Tuesday, March 25, 2008

Stealth journalism

Two events in the colorful annals of Chicago journalism will give you a sense of how undercover enterprise projects have evolved in the last 30 years. Sadly, it hasn’t been for the better.

The first event occurred in 1977, when the Chicago Sun-Times surreptitiously purchased a tavern riddled with building-code violations, so it could document how many city inspectors and fire marshals could be bought off with a stack of $10 bills.

The second event came to light last week, when reporters at the Chicago Tribune revealed that they had produced the winning entry in a Sun-Times contest for the best video opposing the idea of selling the naming rights to Wrigley Field, the ballpark owned by the Tribune Co. (Video here.)

While both projects required exceptional stealth on the part of each newspaper, that’s where the similarity stops.

The tavern investigation, which resulted in the sanction or conviction of several inspectors, as well as promises of improved integrity on the part of city officials, served a clear public interest. The Tribune video, though cleverly executed, was nothing more than a stunt designed to embarrass the Sun-Times.

The investigation at the tavern whimsically called the Mirage was denied a Pulitzer Prize by jurors who believed the Sun-Times had engaged in unethical deception to get the story. The editors of the newspaper, which I joined shortly after the series was published, argued that the story simply couldn’t be obtained without resorting to an elaborate undercover investigation.

By contrast, the Tribune video, which is unlikely to be considered for the Pulitzer or any other award, resulted from deception for the sake of deception.

Before the Sun-Times awarded the prize in the video contest, its reporter called the Tribune intern posing as the creator of the winning video. The Trib intern, who took the call from the Sun-Times while sitting in a conference room at the Tribune, stated that she was a graduate student at the University of Illinois, which is true.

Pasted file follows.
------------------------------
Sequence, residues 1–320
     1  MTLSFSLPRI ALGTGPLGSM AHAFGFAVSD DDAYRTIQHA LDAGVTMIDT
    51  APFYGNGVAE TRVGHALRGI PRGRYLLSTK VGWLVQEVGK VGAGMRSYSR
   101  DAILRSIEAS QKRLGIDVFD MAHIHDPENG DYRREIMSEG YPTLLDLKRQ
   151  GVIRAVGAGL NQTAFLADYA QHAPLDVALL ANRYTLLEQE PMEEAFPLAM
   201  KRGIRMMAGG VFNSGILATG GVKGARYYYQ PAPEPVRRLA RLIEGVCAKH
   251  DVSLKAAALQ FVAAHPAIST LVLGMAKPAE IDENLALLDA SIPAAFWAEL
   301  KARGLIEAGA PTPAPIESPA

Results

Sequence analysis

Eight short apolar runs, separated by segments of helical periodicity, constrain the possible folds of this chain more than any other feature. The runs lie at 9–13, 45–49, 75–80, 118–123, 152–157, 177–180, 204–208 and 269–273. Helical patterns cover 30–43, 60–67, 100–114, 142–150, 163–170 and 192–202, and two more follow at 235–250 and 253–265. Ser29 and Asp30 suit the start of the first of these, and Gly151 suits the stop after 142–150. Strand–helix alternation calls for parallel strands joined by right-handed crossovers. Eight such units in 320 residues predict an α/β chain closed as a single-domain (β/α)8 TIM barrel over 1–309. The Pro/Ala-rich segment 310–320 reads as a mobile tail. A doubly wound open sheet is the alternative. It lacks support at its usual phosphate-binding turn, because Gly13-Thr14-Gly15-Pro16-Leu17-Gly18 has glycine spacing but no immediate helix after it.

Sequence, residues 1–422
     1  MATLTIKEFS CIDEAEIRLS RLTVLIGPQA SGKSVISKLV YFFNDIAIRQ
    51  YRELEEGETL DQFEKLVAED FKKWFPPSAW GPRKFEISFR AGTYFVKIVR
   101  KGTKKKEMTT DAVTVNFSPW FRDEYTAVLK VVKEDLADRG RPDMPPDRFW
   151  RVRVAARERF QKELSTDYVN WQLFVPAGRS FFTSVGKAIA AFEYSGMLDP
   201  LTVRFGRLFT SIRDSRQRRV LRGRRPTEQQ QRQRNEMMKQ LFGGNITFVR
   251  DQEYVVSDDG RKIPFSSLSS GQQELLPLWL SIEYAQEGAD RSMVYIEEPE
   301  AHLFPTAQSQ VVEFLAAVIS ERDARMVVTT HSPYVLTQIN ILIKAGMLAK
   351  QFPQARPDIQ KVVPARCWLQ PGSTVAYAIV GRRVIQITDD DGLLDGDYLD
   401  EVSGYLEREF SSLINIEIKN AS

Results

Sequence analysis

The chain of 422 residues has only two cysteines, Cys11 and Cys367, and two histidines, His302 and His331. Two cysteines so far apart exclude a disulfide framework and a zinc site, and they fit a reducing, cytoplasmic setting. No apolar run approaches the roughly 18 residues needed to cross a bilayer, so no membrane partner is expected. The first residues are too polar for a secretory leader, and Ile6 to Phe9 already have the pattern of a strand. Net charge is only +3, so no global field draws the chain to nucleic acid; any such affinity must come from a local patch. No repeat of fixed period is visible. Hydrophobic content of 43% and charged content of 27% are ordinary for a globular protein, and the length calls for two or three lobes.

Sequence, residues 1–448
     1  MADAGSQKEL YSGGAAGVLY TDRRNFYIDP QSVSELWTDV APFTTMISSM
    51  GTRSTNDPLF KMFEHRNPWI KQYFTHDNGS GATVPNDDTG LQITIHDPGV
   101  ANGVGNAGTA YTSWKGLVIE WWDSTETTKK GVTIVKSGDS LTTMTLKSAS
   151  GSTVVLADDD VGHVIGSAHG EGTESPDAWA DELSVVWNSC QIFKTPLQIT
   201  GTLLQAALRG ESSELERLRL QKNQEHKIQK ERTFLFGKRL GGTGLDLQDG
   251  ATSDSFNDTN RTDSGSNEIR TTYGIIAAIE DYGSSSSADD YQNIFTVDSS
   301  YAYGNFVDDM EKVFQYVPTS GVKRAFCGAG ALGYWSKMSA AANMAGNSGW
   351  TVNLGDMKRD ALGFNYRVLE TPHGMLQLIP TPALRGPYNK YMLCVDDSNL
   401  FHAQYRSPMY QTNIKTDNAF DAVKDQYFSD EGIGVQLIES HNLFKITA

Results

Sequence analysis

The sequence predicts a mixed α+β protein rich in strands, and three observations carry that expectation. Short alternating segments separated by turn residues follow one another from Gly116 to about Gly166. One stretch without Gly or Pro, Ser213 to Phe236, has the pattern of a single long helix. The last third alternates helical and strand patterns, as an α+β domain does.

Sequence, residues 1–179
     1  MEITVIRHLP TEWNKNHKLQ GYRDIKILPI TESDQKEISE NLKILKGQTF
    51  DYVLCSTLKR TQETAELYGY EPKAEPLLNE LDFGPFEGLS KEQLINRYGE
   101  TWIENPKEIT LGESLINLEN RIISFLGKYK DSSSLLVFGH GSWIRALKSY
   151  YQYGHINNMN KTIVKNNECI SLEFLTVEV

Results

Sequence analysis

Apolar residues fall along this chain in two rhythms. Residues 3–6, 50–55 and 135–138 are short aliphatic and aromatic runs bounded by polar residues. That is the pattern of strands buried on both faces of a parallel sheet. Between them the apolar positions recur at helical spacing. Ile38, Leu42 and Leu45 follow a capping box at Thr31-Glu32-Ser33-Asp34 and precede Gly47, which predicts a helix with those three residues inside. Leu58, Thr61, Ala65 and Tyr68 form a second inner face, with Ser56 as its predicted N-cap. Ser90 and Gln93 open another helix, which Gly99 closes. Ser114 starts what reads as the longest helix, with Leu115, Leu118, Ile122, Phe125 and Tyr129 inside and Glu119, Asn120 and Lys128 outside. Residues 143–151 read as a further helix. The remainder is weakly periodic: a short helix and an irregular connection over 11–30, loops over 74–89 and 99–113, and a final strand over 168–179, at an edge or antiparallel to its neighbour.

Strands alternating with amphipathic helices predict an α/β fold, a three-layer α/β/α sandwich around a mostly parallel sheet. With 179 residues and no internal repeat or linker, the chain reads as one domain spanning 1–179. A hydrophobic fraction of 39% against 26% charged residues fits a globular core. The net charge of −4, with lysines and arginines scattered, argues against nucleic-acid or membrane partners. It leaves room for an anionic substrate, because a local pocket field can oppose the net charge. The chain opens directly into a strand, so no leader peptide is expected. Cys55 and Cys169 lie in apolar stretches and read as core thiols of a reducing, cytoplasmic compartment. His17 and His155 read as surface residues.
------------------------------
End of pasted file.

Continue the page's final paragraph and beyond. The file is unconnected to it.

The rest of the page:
But she left out the part about being an intern at the Tribune. And being dragged along to the taping of the video after it was conceived and scripted by a group of her colleagues, including the paper’s multimedia staff. “I didn't really know what was going on until we were in the car, driving to Wrigley," said Katie Hamilton in an interview with P.J. Hufstetter of the Los Angeles Times.

As a clutch of Tribune staffers listened to Katie shining on the Sun-Times reporter, Tribune features editor Tim Bannon said he felt a twinge of unease about not telling Katie to confess that she works for the Tribune, according to the L.A. Times. In fact, the Tribune didn’t come clean until after the Sun-Times published a page one story proclaiming Katie the winner of the video contest.

Kevin Pang, the Tribune features reporter who originally cooked up the stunt, had no regrets. “We can't underscore enough that we told the truth at every step,” he told the L.A. Times. “If they asked if we were reporters at the Tribune, we would have admitted it then and there.”

So, this enterprising journalist not only deceived the Sun-Times and, by extension, the public. He apparently has succeeded in deceiving himself, too.

Reaction to this post

"Alan Mutter's self-description as a 'Newsosaur' seems right on the mark, an antiquated, Ben Hechtian view of how newsrooms should operate," responds Kevin Pang, the creator of the Tribune video. "The idea that everything we do should have a FOIA request attached is journalism elitism at its most pretentious." His full post is at Poynter Online.


Blogger Howard Owens said...


7:48 AM  
Blogger BobH said...

Geez, lighten up. We wouldn't want newspapers to be any fun now, would we?

8:28 AM  
Anonymous Anonymous said...

So, the Tribune's effort "was nothing more than a stunt designed to embarrass the Sun-Times."
What was the purpose of the Sun-Times contest, if not to tweak the Trib?
If one swallows Newsosaur's hidebound premise, why is a serious newspaper running a video contest about ballpark naming rights, anyway?
Run out of real issues to cover?

9:10 AM  
Blogger rknil said...

The "You're no fun" doofi can show up and throw rocks, but he's exactly right. It was deception for the sake of deception.

9:11 AM  
Anonymous Anonymous said...

Alan, Alan, Alan...what were you thinking with this post? Can this be my former Sun-Times colleague? My former college pal? Have you been absorbed by Body Snatchers?